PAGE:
The effects of habitat composition, quality, and breaks on home ranges of exploited nearshore reef fishes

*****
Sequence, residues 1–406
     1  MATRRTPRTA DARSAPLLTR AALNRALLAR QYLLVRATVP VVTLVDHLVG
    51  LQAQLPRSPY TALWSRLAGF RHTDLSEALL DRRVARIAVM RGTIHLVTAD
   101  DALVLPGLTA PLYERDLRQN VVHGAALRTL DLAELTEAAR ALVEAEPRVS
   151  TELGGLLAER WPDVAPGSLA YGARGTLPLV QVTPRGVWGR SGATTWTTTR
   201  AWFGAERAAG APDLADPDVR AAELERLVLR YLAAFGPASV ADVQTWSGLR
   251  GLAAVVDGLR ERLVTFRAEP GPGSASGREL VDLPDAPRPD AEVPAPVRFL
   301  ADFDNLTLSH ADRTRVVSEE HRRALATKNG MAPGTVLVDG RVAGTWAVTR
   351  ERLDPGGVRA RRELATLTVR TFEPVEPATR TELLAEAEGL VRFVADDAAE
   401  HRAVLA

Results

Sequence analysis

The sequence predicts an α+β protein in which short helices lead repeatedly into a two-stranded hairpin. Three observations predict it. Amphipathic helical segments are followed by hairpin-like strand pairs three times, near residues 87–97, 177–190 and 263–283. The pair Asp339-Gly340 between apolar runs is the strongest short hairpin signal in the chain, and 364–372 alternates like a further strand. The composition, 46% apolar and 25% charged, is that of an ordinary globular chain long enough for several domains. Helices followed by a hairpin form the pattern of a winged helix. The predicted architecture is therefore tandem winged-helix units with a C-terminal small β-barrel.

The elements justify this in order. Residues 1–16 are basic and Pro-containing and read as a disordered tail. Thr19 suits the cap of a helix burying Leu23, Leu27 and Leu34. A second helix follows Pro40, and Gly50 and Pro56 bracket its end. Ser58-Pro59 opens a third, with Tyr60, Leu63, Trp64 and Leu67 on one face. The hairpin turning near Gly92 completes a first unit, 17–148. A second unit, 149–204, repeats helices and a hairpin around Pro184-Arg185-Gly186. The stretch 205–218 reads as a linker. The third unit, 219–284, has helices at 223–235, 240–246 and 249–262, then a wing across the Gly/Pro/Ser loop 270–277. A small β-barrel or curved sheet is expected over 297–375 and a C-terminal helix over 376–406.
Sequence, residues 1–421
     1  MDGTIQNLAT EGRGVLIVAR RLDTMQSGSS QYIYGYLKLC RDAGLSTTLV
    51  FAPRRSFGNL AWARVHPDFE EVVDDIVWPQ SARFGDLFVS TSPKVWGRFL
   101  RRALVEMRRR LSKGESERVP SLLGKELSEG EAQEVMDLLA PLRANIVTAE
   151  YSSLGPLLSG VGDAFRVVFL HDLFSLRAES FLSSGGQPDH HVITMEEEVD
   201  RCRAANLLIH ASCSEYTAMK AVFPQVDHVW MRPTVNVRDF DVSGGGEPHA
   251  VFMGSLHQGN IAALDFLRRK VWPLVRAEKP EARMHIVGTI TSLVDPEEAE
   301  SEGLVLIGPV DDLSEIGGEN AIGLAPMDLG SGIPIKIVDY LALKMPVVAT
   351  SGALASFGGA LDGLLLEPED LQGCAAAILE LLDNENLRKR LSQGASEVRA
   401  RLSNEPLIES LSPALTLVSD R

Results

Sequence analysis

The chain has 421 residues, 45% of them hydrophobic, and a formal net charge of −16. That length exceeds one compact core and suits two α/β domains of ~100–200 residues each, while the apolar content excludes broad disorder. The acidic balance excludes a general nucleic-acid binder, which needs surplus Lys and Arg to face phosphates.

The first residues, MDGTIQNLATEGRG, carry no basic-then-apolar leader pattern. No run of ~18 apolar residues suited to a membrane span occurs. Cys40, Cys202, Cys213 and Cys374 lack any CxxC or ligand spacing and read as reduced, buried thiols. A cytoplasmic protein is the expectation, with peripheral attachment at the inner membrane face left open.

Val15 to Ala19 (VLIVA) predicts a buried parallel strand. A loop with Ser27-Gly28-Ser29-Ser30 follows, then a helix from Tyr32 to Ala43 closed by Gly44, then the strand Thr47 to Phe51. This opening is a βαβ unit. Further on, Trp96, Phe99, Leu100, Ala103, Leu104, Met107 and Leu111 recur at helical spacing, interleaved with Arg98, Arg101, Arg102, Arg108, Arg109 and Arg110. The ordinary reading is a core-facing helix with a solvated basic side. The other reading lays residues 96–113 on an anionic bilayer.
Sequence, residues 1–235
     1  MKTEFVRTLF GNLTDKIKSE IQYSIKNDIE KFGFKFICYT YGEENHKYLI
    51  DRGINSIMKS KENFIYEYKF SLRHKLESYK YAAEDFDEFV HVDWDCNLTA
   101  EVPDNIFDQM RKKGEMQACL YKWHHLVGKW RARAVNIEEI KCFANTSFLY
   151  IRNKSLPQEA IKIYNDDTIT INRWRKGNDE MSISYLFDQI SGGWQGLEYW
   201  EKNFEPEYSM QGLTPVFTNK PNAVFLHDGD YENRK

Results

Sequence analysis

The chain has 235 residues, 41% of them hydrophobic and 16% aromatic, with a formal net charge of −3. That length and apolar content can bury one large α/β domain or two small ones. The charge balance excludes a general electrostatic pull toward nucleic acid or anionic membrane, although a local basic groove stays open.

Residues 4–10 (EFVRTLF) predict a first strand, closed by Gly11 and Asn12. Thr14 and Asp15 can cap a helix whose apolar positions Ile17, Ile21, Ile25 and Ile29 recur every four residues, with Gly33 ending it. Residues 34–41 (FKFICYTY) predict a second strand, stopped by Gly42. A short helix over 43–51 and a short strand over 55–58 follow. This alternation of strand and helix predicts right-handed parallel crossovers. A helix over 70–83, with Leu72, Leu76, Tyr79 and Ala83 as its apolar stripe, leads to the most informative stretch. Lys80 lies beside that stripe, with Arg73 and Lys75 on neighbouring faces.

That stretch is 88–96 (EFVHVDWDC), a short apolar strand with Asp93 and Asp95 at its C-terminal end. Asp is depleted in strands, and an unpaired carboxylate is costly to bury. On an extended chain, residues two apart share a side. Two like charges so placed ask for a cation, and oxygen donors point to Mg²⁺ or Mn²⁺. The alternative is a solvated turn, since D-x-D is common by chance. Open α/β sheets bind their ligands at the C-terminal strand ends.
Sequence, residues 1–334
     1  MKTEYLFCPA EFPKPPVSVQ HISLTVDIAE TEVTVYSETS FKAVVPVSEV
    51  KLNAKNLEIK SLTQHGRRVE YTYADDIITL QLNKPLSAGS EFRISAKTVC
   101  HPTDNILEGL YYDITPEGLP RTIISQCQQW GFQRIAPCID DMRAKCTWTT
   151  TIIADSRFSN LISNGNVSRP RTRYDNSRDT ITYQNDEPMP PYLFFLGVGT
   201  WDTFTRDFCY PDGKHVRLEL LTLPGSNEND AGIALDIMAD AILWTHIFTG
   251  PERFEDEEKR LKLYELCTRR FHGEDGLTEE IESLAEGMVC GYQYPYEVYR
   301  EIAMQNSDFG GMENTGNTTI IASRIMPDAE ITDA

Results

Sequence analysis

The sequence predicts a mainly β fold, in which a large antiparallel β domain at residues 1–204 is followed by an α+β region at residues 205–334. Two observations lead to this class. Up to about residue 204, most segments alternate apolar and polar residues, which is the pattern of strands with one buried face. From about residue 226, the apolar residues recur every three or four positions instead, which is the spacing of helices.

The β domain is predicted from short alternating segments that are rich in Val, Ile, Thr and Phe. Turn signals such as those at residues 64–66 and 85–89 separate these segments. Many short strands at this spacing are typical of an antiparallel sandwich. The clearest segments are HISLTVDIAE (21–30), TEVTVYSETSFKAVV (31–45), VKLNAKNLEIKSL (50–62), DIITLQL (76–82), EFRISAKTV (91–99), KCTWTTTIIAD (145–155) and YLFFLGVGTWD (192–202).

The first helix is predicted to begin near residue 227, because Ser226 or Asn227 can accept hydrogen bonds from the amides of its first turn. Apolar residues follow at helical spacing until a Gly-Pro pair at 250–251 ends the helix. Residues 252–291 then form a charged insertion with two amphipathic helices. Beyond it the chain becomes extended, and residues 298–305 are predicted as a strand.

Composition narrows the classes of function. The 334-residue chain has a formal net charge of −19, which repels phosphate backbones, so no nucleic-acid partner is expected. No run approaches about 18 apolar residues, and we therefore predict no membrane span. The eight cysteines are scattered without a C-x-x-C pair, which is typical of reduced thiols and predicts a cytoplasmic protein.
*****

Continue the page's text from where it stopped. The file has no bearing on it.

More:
No-take marine reserves have become a popular tool in fisheries management worldwide; ever, many aspects of their design, including optimal size and location, are still debated. This is due, in part to a lack of critical knowledge on behavior of many exploited marine organisms. Because a primary application of no-take marine reserves is to protect adult reproductive stock, which may serve to supply larvae and juveniles to adjacent unprotected areas, reserves must be large enough at minimum to encompass the daily movement patterns of adult fishes. Previous studies on home range sizes and site fidelity of kelp bass and sheephead in California marine reserves have suggested that habitat composition may influence the size and shape of home ranges, and that breaks in habitat may serve as natural barriers, restricting the home ranges of some fishes. Surprisingly, little is known about how habitat composition, quality and gradients may influence home range sizes and site fidelity of nearshore kelp bed fishes. Knowing fish-habitat relationships and how habitat edges affect fish movement will allow managers to site reserves knowledgeably with goals of optimizing “leaky” boundaries that allow for spillover into the fishery or “tight” boundaries that minimize movements of fish across the boundary.